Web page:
Last night was, sadly, my last Alvin Ailey performance of the season. They performed two revivals – Geoffrey Holder’s The Prodigal Prince from 1968 (which was astounding), and Judith Jamison’s Forgotten Time, from 1989. They also performed Christopher Huggins’ new Anointed, which I saw earlier in the season and wrote about here. (Photo above, by Paul Kolnik, is of Samuel Lee Roberts in Prodigal Prince).
I liked Jamison’s Forgotten Time. As you can see in the photos below, she created some very beautiful images with the partnering. Photos below are by Paul Kolnik. In the first and last, the dancers are Jamar Roberts and Antonio Douthit; in the middle two, they are Linda Celeste Sims and Clifton Brown.
It was very spiritual and I loved the ending image, with the ensemble of dancers – about 13 in total – all looking up and waving their arms back and forth. At many points the dancers would look up toward the sky, into the light, as if searching for something, some spiritual being. At points the men would lift the women on their shoulders so they could gaze even higher. And there was as stunning solo between the two main men in the middle. Last night that solo was performed by Glenn Allen Sims and Jermaine Terry, who were very good. The audience gave them huge applause at the end.
The music was hauntingly beautiful. It was by Le Mystere des Voix Bulgares, and sounded like Bulgarian spirituals. I also loved the costumes (by Jamison and Ellen Mahlke).
I really loved The Prodigal Prince, as did the whole audience. I didn’t know when we were going to get out of there after the performance was over, the dancers received so many curtain calls. By Geoffrey Holder (who’s won Tony awards for The Wiz and Timbuktu), from 1968, the company revived it this season. I think they should do it every season though. It’s a good dance to end the evening with, so they could alternate more often between it and Revelations.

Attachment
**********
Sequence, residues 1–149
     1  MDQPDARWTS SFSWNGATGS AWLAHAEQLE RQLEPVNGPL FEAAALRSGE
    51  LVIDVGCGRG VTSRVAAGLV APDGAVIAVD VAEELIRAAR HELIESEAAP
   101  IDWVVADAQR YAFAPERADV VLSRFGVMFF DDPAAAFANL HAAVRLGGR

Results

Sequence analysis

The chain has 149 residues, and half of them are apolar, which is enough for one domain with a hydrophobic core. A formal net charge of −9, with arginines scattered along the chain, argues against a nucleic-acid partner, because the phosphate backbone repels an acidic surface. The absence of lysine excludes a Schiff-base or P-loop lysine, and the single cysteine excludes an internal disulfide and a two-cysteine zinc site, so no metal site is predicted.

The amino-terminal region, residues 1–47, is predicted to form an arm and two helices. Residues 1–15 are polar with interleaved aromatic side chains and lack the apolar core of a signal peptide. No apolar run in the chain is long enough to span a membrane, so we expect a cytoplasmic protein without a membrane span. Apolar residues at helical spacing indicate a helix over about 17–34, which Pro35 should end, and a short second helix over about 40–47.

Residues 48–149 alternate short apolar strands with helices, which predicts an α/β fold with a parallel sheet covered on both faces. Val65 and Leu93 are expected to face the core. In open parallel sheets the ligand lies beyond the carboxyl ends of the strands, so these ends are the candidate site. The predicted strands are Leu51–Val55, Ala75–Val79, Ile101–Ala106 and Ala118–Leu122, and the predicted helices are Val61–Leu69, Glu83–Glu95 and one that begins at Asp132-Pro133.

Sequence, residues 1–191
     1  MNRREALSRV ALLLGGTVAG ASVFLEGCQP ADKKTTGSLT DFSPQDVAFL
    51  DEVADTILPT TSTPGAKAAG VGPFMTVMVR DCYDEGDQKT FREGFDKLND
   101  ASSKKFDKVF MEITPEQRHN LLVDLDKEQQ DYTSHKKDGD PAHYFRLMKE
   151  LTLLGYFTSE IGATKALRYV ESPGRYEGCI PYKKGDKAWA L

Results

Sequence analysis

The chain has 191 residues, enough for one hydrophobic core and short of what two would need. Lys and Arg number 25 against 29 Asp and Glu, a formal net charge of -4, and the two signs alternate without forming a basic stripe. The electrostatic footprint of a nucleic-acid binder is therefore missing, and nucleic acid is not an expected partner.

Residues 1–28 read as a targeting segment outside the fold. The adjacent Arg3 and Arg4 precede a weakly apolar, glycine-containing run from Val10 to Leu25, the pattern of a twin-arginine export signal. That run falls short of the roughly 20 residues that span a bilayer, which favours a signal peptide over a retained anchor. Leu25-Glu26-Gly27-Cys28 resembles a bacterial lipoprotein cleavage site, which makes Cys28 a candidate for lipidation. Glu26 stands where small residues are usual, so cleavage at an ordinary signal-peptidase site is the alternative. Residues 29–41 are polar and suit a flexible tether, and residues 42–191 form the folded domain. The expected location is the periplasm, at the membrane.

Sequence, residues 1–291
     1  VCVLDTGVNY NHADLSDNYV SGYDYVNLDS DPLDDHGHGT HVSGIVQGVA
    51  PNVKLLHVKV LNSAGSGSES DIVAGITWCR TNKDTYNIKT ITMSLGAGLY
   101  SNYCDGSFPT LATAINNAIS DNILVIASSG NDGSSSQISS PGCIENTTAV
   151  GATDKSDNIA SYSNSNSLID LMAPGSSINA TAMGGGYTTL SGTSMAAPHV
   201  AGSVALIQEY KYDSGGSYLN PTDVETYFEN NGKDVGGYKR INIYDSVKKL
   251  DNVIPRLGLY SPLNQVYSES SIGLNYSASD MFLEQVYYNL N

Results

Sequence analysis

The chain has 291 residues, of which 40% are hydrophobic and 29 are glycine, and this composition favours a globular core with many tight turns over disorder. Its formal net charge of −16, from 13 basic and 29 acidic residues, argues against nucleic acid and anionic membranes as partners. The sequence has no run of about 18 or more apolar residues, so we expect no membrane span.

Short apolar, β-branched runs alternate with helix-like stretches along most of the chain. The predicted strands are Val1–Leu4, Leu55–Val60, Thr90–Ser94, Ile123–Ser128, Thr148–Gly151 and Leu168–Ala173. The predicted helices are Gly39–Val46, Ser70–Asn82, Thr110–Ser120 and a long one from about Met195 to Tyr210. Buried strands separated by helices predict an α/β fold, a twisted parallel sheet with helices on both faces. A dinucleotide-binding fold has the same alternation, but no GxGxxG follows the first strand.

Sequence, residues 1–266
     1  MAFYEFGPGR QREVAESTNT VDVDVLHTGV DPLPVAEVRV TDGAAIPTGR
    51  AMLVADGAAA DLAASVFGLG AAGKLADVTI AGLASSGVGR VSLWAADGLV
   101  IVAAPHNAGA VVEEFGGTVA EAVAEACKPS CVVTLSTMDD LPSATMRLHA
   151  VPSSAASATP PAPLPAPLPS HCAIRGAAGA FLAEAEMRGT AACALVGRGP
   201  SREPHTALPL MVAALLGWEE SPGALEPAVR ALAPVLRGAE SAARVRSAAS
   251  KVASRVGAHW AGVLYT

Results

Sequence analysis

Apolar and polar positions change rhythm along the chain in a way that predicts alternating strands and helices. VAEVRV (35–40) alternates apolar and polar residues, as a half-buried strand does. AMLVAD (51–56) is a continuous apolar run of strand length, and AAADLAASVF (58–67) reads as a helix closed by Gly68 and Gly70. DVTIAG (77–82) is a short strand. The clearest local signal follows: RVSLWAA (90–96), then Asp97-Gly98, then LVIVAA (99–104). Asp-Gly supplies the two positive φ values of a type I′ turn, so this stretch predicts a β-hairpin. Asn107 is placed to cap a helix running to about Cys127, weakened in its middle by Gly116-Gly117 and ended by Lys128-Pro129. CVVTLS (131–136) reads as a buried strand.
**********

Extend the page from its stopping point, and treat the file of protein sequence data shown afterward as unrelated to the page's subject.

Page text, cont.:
The subject of The Prodigal Prince is Haitian painter Hector Hyppolite (see some of his images here). According to the program notes, Hyppolite was also a houngan – a high priest of Voudoun, the religion of the Haitians. In 1943 St. John the Baptist and the Voudoun Goddess Erzulie came to him in a vision which inspired him to take a sojourn to Africa (which he may have imagined) and paint the Voudoun loas – or African gods. His paintings became celebrated after leading surrealist Andre Breton discovered them and brought them to Europe.
Most of the choreography consists of Haitian and African dance; I’d never seen Haitian before and I found it spellbinding. It’s amazing all that the Ailey dancers can do, and do superbly. The music, also by Holder, was very drum-heavy, very rhythmic, very African – the type of music that makes you want to take up African dance. Samuel Lee Roberts’ depiction of Hyppolite, as he encountered Erzulie (danced by Akua Noni Parker) and Saint John the Baptist (in African form, danced by Jamar Roberts), then dreamed of Africa and was taken with the African spirit (danced by Michael Francis McBride), was excellent. Samuel Lee Roberts is so good at roles that require the dancer to act as well as dance. Earlier in the season, he danced the role of Lazarus in Mary Lou’s Mass and he was the highlight of that entire dance. He’s very entertaining and can bring out the humor in a story without reducing its depth.
The whole dance was so mesmerizing, the costumes brilliant, and the beat of that music so infectious. Definitely one of the highlights of the season. Here are more pictures, all by Paul Kolnik.
(Lee with Briana Reed as Erzulie.)
All photos from AlvinAiley.org.
The company still has about two weeks left of their City Center season. Go here for the schedule.